There was a problem that a lot of the information was misinformation so traditional journalists with their training could survive but they had to adapt. Those that did adapt could be very successful.

Moderator Maksim Shevchenko, Journalist, broadcaster and social activist, asked Luis if his bloggers were just bloggers, or staff journalists.

Luis, “We have two journalists, the rest are specialist bloggers.”

Maksim asked Daniyar Ashimbayev, Editor-in-Chief of Kazakhstan’s biographical encyclopaedia, what should be done with bloggers who did not check the facts. Daniyar said actually only a few people knew how to go back to the archive and original documents to check facts and even Wikipedia used censorship. “If you try to edit an entry, you get banned for a few months.”

Individuals were responsible for their own accuracy and even Luis’s bloggers worked for an information company. This was one of the reasons that in Kazakhstan TV was number 1 and the chances of social media replacing it were very slim.

”Social media is a business paid for by advertising. You do not have full control  and you are always interrupted by marketing or advertising.”

Tutta Larsen, Russian TV and Radio anchor and founder of Tutta TV, said she was a Videojournalist for NTV in the 1990s. She then became a TV host but the exciting thing for her was that the audience had come with her when she moved to the internet in her 30s and 40s. By then she had married and had children and the same life events had happened to many of her blogging audience. They now wanted to interact about the things that interested her – motherhood, her children and her relationship with her husband. If she had stayed as a TV host she would not have had the freedom to talk about her interests.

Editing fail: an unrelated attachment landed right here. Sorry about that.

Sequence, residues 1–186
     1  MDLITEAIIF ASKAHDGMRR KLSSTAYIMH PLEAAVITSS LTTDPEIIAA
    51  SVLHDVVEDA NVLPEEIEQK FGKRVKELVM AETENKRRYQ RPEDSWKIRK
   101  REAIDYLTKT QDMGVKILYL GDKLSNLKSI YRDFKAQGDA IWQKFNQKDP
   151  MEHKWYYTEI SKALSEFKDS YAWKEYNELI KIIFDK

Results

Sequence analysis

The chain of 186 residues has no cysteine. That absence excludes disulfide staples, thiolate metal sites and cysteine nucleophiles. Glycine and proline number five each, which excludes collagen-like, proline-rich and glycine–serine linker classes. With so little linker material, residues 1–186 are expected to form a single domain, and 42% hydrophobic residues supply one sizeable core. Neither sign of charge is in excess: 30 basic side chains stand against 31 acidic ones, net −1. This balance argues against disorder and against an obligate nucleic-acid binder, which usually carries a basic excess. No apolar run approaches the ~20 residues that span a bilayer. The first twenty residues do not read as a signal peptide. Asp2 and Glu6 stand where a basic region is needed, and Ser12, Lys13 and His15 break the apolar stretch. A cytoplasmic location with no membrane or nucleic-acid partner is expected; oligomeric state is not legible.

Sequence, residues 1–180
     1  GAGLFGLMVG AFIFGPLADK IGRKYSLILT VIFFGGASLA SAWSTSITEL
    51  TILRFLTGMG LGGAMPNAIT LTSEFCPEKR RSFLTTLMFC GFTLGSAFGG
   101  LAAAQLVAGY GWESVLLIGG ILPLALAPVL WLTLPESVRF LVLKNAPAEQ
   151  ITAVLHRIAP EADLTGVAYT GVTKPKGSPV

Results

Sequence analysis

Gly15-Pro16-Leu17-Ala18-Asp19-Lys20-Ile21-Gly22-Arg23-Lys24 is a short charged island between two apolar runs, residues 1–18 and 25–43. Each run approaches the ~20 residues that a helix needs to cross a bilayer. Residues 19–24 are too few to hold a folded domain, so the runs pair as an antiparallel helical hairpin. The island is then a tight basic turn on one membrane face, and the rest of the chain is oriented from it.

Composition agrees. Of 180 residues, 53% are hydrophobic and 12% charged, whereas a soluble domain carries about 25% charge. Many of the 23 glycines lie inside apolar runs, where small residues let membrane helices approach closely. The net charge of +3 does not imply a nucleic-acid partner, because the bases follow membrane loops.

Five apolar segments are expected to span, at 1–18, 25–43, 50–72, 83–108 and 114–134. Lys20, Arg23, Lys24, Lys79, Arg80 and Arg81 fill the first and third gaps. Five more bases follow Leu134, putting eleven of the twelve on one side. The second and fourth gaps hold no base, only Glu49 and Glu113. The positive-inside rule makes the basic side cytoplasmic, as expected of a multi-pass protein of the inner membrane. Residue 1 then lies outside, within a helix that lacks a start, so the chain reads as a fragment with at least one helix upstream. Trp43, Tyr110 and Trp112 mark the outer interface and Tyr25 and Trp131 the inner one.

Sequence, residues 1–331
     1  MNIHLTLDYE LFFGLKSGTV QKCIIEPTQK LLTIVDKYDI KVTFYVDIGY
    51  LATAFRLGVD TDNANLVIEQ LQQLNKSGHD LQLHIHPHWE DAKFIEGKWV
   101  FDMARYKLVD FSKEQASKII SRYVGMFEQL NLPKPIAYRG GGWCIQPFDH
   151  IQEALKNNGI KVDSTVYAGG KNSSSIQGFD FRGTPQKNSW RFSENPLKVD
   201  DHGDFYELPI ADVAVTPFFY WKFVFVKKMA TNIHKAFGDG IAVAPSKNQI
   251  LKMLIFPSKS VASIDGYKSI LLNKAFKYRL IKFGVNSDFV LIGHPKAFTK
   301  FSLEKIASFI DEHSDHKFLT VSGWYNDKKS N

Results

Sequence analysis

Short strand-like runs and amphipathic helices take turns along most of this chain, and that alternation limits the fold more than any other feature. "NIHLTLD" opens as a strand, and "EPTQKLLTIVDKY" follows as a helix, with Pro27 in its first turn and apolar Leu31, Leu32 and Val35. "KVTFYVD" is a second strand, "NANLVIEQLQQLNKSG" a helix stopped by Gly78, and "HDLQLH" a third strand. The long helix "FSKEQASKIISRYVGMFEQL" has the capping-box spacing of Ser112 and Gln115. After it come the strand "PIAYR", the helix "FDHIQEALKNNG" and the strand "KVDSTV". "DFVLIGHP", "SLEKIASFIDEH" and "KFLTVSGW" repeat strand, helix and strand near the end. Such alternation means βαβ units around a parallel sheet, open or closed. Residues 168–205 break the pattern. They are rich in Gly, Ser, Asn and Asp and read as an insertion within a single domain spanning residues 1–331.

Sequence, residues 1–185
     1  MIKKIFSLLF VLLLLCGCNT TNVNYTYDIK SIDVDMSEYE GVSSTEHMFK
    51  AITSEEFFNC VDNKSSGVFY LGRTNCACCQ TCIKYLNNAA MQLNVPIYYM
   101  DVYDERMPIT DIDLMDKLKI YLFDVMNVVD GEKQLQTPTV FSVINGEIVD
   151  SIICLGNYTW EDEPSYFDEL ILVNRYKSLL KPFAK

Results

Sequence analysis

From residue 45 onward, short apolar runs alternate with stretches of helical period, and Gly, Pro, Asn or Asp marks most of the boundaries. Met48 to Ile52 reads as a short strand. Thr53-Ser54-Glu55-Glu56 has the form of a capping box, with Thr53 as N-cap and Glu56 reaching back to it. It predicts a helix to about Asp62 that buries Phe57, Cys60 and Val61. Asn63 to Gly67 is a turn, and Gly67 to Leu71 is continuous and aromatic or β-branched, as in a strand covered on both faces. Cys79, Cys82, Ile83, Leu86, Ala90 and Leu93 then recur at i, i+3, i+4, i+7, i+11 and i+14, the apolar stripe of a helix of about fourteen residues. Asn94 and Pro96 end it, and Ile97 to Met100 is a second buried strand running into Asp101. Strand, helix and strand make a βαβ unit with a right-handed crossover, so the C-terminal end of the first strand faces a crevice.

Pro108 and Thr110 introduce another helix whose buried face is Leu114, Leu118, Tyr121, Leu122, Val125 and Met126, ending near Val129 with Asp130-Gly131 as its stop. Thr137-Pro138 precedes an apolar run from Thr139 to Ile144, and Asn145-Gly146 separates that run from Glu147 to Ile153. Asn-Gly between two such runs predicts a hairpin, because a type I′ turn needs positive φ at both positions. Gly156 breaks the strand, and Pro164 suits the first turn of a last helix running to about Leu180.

What interested people in the blogosphere was lifestyle and the dream of a pretty life, but TV would always exist for big shows and visual spectaculars because they could pull together lots of talented people and resources to make such programmes.

Kazakh showman, actor and screenwriter Marat Oralgazin said he did not consider himself a blogger but had worked in TV for many years. Everyone had to adapt to modern realities and be on youtube as well as TV. When he and the programme makers started putting information on youtube their programmes became more popular and the number of youtube users went up. The important task for TV was not to fall behind the times but to make sure the new technologies fed back to the TV programmes.

Maksim said when we talk about any media there is the issue of control. Many governments had learnt how to put the messages they wanted in front of their own people and he did not consider youtube and Facebook free. When videos about the Ukraine situation had gone up on websites people had complained that they had been altered.

Many considered Ukraine had a liberal press, Maksim asked Dmitry Gordon, but their TV Channels still had owners and presumably pressure came from them?